5 Most Common Pre-Retirement Mistakes

Being in the home stretch leading up to retirement can feel great, but financial advisers say even the savviest people can miscalculate or overlook important components when it comes to their retirement plans. Here are the most common pre-retirement mistakes you need to watch out for, according to financial planners:

  1. Not creating a Social Security strategy. One common mistake is not really thinking through when to start Social Security. In general, the breakeven age for Social security is in the low 80s. Married couples need to factor in the age of each spouse, expected lifespan and their respective work histories to figure out when to start claiming benefits.
  2. Paying off your mortgage. Conventional wisdom says you shouldn’t enter retirement with mortgage payments hanging over your head, but if you took out a mortgage or refinanced recently, it’s possible that your interest rate is lower than what you would earn if you invested the money. For instance, assume your nest egg is netting you a 7% return. If your mortgage interest rate is only 4%, it’s better to keep your money where it is because you’ll pay less to service that debt than you would earn by keeping it invested.
  3. Taking your portfolio too conservative too soon. People in pre-retirement often make the mistake of retreating from riskier asset classes too early. Depending on when you retire, you could live another 20 or 30 years. People assume they need to shift a big chunk of their portfolio to lower-yielding investments to safeguard it, but they forget about the flip side of investing risk: the creep of inflation.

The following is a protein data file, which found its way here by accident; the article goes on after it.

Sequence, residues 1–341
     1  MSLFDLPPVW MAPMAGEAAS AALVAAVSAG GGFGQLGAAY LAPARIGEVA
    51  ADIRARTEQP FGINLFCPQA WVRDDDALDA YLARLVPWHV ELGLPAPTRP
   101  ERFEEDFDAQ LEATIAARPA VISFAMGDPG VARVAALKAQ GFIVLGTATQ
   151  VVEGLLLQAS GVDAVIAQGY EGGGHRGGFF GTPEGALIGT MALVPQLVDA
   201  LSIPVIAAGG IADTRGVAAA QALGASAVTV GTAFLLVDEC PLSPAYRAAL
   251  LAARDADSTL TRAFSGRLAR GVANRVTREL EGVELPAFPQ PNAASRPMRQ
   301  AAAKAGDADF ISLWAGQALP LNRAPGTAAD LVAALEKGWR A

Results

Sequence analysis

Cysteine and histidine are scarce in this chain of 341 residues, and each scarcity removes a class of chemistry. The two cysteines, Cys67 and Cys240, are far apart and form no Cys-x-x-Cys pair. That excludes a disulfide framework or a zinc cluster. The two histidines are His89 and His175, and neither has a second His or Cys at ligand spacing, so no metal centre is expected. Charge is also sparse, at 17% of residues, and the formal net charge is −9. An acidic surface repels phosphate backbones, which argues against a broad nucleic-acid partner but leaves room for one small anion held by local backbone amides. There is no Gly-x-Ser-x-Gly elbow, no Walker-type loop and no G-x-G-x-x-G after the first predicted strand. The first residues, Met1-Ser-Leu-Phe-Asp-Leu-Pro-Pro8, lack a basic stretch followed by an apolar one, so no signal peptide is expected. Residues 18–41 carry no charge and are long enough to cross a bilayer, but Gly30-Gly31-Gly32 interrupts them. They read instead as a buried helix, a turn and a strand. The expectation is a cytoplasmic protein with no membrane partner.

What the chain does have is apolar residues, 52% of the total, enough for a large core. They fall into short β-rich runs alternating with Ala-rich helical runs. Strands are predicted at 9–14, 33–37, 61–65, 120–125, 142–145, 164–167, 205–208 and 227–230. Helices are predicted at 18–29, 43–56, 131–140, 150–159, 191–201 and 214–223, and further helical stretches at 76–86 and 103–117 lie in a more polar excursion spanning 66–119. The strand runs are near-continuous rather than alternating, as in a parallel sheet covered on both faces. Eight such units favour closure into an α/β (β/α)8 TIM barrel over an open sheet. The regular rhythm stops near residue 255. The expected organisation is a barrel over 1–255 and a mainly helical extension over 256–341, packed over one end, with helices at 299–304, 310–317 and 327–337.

4. Skipping long-term care insurance. Paying out of pocket for long-term care can drain your nest egg. Living in a nursing home costs more than $80,000 a year, on average. Even assisted living or other forms of support can cost several thousand dollars a month. If you’re in pre-retirement and above that age, it doesn’t mean you’ve missed the boat entirely, but it does mean you have a dwindling window of time to get an affordable policy. Pre-retirement, the cost of insurance to cover that risk is a lot less expensive.
  5. Not planning for a post-career life. Consider what activities or hobbies you’d like to pursue, and explore social groups and volunteer opportunities. If you’re thinking about moving, especially to a vacation locale, visit when the tourists have departed for the season.

Read the full article here on the most common pre-retirement mistakes.